Prime Minister Shinzo Abe's visit Tuesday to Pearl Harbor, where he paid tribute at the USS Arizona Memorial alongside U.S. President Barack Obama, may indeed serve to highlight the reconciliation between World War II enemies that have evolved into close allies and economic partners in the 75 years since the deadly attack by Japanese forces ignited the fierce war in the Pacific. It should also serve to remind us of the need for full reconciliation with Japan's Asian neighbors that suffered from its past aggression and colonial rule — a goal that remains elusive seven decades after the war. That may not be easily achieved, but we must keep trying.

Abe became the first sitting leader of Japan to visit the memorial dedicated to victims of the Dec. 7, 1941 attack, although three other prime ministers — Shigeru Yoshida, Ichiro Hatoyama and Nobusuke Kishi, Abe's grandfather — visited Pearl Harbor in the 1950s before the memorial was erected. Abe was reciprocating Obama's visit to Hiroshima in May, the first by a sitting U.S. president to the city devastated by the 1945 U.S. atomic bombing. The tribute that Abe and Obama paid together at the Pearl Harbor memorial — with Abe likely to be the last foreign leader to meet with Obama before his eight-year presidency draws to an end next month — was also apparently aimed at demonstrating the deepening security alliance with the U.S. to the incoming administration of Donald Trump, whose views on the value of America's relations with Japan remain unclear.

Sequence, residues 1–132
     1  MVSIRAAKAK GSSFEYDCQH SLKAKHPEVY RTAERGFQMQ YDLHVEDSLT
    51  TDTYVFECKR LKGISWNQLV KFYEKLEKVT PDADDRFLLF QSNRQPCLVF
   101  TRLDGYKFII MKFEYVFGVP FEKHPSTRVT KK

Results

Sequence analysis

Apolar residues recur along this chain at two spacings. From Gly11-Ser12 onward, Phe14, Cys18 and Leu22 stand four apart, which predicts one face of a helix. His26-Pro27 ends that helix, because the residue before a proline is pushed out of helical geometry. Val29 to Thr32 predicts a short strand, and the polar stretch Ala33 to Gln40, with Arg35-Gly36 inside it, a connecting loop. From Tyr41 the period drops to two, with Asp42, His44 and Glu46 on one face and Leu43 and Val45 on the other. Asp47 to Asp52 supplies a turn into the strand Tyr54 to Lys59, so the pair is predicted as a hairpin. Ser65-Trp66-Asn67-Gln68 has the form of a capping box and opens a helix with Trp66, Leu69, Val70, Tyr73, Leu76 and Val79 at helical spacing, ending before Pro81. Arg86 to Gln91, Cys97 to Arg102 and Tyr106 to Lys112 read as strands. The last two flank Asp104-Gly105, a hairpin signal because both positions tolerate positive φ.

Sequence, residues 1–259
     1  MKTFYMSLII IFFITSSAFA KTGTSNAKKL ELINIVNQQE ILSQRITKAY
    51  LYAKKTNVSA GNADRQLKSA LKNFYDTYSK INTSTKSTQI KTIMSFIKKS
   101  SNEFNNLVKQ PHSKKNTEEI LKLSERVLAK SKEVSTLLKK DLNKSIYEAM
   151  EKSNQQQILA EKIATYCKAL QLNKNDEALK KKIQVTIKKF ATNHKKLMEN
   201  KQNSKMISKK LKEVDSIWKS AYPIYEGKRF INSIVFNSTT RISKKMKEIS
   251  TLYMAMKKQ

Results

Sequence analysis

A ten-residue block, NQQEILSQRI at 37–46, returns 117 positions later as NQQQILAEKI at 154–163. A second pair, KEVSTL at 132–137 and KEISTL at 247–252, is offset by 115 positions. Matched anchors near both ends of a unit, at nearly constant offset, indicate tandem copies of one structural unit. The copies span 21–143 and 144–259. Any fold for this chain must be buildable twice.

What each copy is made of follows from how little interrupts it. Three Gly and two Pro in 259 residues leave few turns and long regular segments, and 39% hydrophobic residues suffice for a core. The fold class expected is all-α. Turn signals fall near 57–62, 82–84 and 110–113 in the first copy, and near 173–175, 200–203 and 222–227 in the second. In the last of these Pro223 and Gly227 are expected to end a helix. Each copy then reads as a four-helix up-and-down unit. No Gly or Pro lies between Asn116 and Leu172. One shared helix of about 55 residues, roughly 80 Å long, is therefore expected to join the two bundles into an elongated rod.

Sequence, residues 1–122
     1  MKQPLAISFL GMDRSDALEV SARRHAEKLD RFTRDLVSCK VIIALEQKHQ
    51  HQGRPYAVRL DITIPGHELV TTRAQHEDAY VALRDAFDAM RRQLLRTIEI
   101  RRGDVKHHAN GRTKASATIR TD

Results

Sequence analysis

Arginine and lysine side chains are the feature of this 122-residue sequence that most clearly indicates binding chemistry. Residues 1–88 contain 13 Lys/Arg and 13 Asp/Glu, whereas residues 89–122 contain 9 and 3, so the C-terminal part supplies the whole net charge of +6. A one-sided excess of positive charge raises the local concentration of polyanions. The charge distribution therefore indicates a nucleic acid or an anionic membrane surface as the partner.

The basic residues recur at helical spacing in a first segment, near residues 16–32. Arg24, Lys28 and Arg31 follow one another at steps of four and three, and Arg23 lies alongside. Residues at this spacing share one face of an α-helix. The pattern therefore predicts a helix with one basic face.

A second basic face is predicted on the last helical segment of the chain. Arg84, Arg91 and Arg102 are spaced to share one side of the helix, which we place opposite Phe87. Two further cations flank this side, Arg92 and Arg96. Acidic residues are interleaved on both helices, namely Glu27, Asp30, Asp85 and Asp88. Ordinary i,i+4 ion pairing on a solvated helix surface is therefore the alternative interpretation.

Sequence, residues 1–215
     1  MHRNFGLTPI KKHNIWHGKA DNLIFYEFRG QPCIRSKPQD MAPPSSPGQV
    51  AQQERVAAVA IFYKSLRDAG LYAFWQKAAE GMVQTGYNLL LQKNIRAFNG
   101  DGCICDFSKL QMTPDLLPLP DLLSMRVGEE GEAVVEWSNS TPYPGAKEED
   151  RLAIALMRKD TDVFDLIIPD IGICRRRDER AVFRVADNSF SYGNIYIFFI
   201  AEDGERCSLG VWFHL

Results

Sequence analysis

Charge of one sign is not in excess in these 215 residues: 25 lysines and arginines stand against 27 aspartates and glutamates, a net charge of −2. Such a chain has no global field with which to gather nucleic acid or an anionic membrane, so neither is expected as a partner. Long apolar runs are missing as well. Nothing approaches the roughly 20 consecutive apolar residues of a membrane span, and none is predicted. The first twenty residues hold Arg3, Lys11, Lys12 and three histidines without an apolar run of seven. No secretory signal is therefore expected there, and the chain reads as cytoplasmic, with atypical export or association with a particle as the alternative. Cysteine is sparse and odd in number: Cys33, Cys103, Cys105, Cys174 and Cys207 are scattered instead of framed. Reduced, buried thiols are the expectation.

Given the close relations between Japan and the U.S. today, these acts by the top leaders of the two countries may have had only symbolic meaning in confirming the status quo. Despite the sensitivities that lingered on both sides over the historic visits, including the questions asked as to whether the two leaders should offer apologies — which they did not — and whether the 1941 attack and the 1945 atomic bombings were justified, the mutual visits were more an indication of how far the two nations have come since the war, rather than acts in pursuit of reconciliation for their past enmity. Abe may be justified in stating that the former enemies "have become allies with deep and strong ties."